of the colony of Rhode Island on the same service; and that he use the precautions abovementioned. That a letter be also written to governour Trumbull, requesting of him the largest vessel in the service of the colony of Connecticut, to be sent on the enterprise afore. said; acquainting him of the above particulars, and recommending the same precautions.
That the encouragement recommended by Congress to be given shall be, on this occasion, that the master, officers, and seamen, shall be entitled to one half of the value of the prizes by them taken, the wages they receive from the respective colonies notwithstanding.
That the said ships and vessels of war be on the continental risk and pay during their being thus employed.
OCTOBER 6, 1775.
Resolved, That it be recommended to the several provincial assemblies or conventions, and councils or committees of safety, to arrest and secure every person in their respective colonies, whose going at large may, in their opinion, endanger the safety of the colony, or the liberties of America.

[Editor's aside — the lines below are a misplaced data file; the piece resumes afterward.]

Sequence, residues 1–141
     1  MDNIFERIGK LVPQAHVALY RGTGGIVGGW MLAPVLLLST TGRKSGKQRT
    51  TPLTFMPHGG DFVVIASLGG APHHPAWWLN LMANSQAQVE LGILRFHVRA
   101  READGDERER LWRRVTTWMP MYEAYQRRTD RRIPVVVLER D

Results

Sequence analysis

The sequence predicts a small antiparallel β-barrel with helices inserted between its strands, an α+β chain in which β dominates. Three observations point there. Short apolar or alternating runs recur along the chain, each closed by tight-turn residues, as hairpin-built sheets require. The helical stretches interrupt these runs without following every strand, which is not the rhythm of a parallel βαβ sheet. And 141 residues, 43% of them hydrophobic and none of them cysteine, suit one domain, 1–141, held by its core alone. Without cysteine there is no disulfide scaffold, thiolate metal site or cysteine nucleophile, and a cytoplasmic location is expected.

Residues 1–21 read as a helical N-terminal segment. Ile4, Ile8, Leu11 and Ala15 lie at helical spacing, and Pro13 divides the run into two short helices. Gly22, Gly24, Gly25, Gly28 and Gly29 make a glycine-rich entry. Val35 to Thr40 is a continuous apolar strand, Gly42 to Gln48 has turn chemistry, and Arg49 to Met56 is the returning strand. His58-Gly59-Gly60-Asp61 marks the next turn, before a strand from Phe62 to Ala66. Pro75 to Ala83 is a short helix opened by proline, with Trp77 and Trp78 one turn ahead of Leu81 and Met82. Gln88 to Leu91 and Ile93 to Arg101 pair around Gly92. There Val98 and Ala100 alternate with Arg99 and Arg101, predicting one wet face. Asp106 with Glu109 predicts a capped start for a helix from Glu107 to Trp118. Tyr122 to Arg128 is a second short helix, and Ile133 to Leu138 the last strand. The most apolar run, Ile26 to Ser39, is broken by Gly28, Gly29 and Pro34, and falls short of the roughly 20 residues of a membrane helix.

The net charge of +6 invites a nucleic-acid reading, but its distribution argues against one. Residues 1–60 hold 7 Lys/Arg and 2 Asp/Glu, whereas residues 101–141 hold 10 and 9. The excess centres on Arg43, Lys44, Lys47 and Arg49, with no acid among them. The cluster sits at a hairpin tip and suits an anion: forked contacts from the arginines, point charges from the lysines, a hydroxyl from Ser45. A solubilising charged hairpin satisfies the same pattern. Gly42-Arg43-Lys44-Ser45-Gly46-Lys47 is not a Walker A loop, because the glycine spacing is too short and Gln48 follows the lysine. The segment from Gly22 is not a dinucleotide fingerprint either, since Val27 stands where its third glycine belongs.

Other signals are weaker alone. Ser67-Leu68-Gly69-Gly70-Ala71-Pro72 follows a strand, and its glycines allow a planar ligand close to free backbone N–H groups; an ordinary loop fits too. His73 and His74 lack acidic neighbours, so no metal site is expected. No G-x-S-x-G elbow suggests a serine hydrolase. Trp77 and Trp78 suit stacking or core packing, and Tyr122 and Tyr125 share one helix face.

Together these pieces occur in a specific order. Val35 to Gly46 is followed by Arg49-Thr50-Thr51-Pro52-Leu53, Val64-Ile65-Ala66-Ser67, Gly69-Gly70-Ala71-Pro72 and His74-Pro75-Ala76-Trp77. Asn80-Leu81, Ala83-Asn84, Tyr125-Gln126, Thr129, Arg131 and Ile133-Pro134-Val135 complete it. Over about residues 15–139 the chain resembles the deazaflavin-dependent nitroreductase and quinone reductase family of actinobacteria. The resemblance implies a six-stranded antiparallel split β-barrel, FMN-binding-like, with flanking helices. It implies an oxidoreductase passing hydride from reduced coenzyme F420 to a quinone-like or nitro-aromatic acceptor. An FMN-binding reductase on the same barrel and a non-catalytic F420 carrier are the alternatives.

Ordered, That an authentick copy of this resolve be by the delegates transmitted to proper persons in their respective colonies.
Resolved, That the committee appointed for the importation of powder do export, agreeably to the continental association, as much provisions or other produce of these colonies as they shall judge necessary, for the purchase of arms and ammunition.